**Fig.3-7 The spin Hall effect**

(a) Schematic of the conversion from a charge current to a spin current. (b) The electron-electron repulsion changes the flow of the charge current. The areas shaded in red in (a) and yellow in (b) indicate the change of electron density by the correlation effect. Although the electron-electron interaction depends on the material, a similar change of the electron density could be induced by an electric field and/or light. Therefore, the charge current converted from the spin current will be controlled by an electric field and/or light. The blue circles with arrows denote electrons, wherein circles and arrows indicate charge and spin, respectively. A magnet with N and S poles is a suitable analogy for spin.

Spintronics is a rich research field not only for the wide applications to low-energy consumption and energy transformation devices but also for the new physics of interplays amongst charge, spin, orbital angular momentum, heat, etc. The spin Hall effect (SHE), which converts the injected longitudinal charge current into the transverse spin current via the spin-orbit interactions, is crucial for the development of spintronic devices (Fig.3-7).

The SHE is characterized by the ratio between the transverse and the longitudinal resistivities, called the spin Hall angle (SHA). The magnitude of SHA describes the conversion efficiency between the charge current and the spin current, whereas the sign of SHA distinguishes the scattering direction of electrons, i.e., clockwise or anticlockwise in the transverse direction.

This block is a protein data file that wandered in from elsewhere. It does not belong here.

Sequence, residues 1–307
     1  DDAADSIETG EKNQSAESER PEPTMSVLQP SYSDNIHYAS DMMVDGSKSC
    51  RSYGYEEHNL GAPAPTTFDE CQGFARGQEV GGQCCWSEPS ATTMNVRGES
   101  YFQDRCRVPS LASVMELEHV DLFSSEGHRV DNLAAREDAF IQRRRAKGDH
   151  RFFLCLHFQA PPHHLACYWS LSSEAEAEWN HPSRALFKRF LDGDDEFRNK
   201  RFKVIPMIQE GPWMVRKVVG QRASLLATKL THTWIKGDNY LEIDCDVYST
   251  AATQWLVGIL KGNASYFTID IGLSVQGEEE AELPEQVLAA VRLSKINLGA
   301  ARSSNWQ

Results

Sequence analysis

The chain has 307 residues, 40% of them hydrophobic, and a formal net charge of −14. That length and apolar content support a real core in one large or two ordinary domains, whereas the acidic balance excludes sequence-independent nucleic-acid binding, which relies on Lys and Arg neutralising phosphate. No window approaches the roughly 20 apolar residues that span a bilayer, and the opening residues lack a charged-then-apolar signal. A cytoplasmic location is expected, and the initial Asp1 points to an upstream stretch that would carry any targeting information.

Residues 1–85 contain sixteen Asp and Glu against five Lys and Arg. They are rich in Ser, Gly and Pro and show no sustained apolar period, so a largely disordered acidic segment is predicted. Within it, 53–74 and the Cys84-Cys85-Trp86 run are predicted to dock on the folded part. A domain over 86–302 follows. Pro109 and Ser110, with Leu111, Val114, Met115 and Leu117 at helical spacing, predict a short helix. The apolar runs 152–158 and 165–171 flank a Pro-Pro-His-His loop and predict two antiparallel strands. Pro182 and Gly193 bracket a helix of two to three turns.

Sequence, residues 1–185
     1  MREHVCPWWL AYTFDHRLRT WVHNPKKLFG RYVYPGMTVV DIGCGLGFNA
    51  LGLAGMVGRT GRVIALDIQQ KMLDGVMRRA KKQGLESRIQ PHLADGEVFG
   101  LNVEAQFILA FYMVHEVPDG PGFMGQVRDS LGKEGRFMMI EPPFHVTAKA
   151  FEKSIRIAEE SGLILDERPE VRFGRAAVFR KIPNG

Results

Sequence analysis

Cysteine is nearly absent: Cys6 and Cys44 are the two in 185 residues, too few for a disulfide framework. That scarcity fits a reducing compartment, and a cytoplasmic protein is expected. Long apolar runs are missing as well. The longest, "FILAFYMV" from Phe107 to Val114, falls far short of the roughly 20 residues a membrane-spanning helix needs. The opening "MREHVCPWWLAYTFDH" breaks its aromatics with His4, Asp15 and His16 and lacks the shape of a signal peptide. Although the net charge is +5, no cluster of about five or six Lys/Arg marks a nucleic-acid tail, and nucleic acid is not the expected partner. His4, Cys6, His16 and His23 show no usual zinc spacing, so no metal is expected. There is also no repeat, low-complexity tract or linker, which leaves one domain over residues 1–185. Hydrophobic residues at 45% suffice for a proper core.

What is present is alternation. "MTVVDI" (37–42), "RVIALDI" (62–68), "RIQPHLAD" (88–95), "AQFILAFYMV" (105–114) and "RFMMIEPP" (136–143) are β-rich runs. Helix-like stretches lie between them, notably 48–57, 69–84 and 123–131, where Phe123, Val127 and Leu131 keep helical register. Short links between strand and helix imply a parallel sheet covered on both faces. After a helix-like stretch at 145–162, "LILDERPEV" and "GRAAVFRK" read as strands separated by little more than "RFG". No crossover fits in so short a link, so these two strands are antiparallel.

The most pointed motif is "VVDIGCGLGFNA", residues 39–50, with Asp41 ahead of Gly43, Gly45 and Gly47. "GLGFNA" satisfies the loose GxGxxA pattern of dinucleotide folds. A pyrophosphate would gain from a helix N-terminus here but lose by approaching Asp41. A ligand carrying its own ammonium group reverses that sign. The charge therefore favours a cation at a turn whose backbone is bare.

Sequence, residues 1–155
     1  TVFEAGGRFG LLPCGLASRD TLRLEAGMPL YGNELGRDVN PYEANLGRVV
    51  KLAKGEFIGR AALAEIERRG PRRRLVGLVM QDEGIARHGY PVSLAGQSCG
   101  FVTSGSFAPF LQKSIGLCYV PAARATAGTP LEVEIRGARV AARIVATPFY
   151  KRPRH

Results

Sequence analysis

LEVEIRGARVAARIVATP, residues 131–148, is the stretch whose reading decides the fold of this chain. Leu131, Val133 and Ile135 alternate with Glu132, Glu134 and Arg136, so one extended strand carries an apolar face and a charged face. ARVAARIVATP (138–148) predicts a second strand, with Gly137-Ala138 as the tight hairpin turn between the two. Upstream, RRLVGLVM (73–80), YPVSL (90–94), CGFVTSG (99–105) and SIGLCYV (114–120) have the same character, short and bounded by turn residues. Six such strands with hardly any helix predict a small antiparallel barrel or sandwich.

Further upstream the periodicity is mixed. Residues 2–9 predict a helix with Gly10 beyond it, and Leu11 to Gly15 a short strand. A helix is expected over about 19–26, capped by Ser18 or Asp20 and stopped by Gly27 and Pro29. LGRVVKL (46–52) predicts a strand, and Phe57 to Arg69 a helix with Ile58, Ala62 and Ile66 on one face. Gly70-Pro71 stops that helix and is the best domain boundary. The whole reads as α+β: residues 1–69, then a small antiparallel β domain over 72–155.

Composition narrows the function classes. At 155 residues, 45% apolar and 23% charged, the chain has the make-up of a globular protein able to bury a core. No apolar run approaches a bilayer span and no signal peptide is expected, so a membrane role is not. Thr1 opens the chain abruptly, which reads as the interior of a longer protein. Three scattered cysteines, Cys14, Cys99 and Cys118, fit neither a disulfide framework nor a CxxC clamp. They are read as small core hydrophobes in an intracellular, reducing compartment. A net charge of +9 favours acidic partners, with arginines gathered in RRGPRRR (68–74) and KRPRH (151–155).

The SHA of CuIr alloys was measured to be a small positive value in an experiment, whereas previous theories could not consistently reproduce the positive sign. Such a discrepancy inspired us to find the key physics that decide the sign of SHA. To numerically simulate the local correlation effects, we develop two specific combined methods using density functional theory (DFT) and the quantum Monte Carlo method (QMC). First, we calculate a mixing between the base material, Cu, and the impurity, Ir, via DFT, which includes the character of the material. Next, assuming the Anderson impurity model, the mixing and the correlation is solved using QMC. Using this combined method, we find that the sign of SHA changes from negative to positive with increasing magnitude of correlation.

These theoretical results are qualitatively consistent with those of the experiment, revealing the key physics that the local correlation effects are decisive on the sign of SHA in CuIr alloys. The sign of SHA of CuIr is sensitive to perturbation of the local correlations, which is favorable for the prospect of controlling the sign of the transverse spin Hall voltage, as illustrated in Fig.3-7. This may open up a way to devise a spin current switch or a spin current sensor. Furthermore, our result will be useful for the study of spin thermoelectric generation, wherein a simple bilayer of metal and magnets is used. This will contribute to the energy efficiency.